– August 16, 2020

The lockdown upheaval has affected every aspect of life, including intellectual life. People we have never heard of have become some of the most passionate and informative voices against government measures. I’m glad to meet them and interested in seeing how they grow through this to become influential voices. 

People who otherwise would never have entered public life on this topic felt a moral conviction to stand up and speak. Martin Kulldorff and Lord Sumption come to mind – serious men who could easily have sat this one out – along with tremendous forces of truth such as Alex Berenson, Toby Young, Peter Hitchens, and Stacey Rudin, in addition to the many writers for AIER (too many to list) who have been just brilliant from the beginning of this crisis. 

Some prominent voices have shown themselves willing to rethink in real time. Matt Ridley, after an initial bout of alarmism, gradually came around. It was he who took model-builder Neil Ferguson to task in the House of Lords, showing that his numbers do not add up. It was a satisfying exchange

At the same time, these days have apparently been disorienting for a number of intellectuals I’ve followed for years. Some are silent either out of fear or confusion, and others have faltered. They have allowed panic to overcome rationality, been overly glued to the television screen, demonstrated overreliance on some “experts” while lacking curiosity to look further, and otherwise downplayed the carnage that has come from lockdowns. 

Some of these people – many good libertarians in normal times, from whom I’ve learned a ton through the years – have found themselves thoroughly confused about what government should and should not do in times of pandemic. In truth, it’s always been a confusing topic for some.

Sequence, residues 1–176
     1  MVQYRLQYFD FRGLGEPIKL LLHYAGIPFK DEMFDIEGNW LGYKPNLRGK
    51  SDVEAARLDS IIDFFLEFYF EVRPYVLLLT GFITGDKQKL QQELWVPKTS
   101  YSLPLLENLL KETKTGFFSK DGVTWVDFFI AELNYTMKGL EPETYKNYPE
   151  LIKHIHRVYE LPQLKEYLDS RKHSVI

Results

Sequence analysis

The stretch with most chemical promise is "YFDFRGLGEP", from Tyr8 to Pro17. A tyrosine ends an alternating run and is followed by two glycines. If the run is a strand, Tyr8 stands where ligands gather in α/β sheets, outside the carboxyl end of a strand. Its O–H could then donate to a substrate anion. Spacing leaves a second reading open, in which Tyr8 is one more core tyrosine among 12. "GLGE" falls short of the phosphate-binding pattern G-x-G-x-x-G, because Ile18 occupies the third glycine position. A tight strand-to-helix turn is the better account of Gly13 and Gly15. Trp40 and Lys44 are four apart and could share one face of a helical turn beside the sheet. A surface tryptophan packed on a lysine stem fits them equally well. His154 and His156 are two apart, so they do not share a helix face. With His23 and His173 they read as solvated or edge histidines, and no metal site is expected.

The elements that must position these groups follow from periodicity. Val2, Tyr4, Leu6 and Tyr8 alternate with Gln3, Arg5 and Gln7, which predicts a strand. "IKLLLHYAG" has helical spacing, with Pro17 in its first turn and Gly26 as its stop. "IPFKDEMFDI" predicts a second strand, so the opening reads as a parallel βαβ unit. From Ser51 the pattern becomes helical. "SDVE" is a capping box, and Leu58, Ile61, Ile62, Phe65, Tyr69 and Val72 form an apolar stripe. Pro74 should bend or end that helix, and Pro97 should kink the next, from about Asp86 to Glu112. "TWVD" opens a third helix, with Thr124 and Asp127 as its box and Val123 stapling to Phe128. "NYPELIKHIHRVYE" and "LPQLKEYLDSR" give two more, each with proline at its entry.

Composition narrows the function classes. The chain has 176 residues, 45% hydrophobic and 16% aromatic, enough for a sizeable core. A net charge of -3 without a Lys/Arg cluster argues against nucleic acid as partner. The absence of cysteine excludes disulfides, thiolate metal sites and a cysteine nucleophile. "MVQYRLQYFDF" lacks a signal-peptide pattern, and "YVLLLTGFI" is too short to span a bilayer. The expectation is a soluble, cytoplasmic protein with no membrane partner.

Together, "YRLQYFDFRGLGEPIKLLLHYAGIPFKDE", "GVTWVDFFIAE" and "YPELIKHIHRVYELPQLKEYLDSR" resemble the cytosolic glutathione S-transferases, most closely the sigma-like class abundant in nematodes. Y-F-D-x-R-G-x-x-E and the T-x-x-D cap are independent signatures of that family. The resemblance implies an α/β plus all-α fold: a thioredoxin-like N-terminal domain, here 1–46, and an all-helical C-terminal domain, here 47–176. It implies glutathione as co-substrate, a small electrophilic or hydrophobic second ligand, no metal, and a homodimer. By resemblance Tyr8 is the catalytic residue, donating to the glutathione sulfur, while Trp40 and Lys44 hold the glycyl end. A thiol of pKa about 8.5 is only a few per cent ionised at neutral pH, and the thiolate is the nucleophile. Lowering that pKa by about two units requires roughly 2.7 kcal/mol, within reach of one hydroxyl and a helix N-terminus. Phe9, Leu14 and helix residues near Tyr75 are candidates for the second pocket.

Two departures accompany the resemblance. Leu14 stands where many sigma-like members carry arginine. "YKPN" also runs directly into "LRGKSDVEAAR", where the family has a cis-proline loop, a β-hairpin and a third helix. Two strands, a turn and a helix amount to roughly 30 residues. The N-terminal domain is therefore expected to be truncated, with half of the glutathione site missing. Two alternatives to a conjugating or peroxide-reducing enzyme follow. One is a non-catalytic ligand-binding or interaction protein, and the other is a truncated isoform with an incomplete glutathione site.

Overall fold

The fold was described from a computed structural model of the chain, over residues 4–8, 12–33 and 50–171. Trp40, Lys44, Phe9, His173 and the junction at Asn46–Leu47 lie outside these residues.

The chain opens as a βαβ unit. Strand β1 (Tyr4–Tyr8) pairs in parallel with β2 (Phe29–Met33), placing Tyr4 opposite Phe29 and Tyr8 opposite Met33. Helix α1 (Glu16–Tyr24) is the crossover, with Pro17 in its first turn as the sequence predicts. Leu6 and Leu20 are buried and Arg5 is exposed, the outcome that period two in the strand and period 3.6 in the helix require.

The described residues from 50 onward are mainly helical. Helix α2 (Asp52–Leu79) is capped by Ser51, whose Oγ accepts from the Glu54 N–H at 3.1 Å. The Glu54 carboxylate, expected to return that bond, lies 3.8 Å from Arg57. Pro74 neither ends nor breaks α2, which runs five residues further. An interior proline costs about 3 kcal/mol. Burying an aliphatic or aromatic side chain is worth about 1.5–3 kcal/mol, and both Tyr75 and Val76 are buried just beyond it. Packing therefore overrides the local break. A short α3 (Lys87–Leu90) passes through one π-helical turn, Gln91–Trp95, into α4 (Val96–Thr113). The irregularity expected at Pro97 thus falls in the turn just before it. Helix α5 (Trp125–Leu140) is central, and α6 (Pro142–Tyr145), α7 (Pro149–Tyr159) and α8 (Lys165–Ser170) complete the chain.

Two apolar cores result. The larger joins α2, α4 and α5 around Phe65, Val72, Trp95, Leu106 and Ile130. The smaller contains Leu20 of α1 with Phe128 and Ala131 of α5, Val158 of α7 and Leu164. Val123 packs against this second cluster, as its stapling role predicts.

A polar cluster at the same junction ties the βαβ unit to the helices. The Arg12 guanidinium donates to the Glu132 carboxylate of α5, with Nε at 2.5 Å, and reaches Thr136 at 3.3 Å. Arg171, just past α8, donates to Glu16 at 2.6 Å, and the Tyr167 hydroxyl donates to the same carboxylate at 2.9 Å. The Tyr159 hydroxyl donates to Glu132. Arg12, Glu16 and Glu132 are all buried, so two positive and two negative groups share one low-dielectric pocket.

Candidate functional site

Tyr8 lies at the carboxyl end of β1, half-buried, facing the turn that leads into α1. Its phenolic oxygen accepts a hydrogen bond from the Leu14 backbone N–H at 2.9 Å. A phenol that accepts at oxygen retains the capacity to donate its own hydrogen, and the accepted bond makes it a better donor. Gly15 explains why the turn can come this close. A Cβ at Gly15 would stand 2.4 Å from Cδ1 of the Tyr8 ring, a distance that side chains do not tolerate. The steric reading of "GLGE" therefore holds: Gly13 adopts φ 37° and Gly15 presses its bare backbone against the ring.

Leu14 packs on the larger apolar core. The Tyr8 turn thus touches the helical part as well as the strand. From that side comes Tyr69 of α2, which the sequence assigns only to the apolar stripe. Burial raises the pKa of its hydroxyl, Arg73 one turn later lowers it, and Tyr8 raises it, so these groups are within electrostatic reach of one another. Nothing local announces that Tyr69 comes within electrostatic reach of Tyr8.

Years ago, I was in a public debate with my friend Mark Skousen. He took the position that we need a strong but limited state while I argued for a model of pure freedom. His main point concerned pandemics. He said that the state must have the quarantine power, while I said this power would be used unwisely and ultimately abused. (By vote, I lost the debate.)

Dr. Skousen wrote me early on in this crisis with one message: “You were right and I was wrong.” Very kind! It’s impressive for anyone to admit something like that. It’s a rare thing among scholars. Too many are beset with an infallibility complex even on subjects about which they know very little. 

So, yes, the virus has exposed weak links in even brilliant minds. Yes, this can be disappointing. I could list examples, and I’m sure you can too, but I will refrain from personalizing the point. Suffice it to say that there have been many disappointments these days, such as people who feel the need to say: “I’m against lockdowns but….” 

Whether the failure to step up stems from a basic confusion over immunology, a naive trust in government, or just the way some people do not want to risk well-earned reputations by taking unpopular positions, it is still an unhappy situation when our heroes stumble and falter when we need them the most. 

The same could be said of organizations and venues. I will only cite one case in point: National Review. You might think conservatives would be skeptical of technocratic and scientistic novel experiments in totalitarian disease planning. Oddly, from the beginning of this crisis, the publication has been mostly quiet on the topic, with some exceptions. 

Only yesterday did I find out the reason. The editor, Rich Lowry, leaned in early to support the lockdowns and condemn those who favor, for example, following the Constitution. Once people like this take a position, they have a hard time backing off from it. His bias seems to have affected the editorial position of what was once a leading voice for liberty and the rule of law.